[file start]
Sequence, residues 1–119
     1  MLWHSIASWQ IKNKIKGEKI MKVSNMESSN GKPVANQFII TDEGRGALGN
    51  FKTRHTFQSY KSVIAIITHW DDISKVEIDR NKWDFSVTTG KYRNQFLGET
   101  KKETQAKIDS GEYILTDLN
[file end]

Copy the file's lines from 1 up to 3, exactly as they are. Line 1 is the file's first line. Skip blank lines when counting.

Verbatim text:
Sequence, residues 1–119
     1  MLWHSIASWQ IKNKIKGEKI MKVSNMESSN GKPVANQFII TDEGRGALGN
    51  FKTRHTFQSY KSVIAIITHW DDISKVEIDR NKWDFSVTTG KYRNQFLGET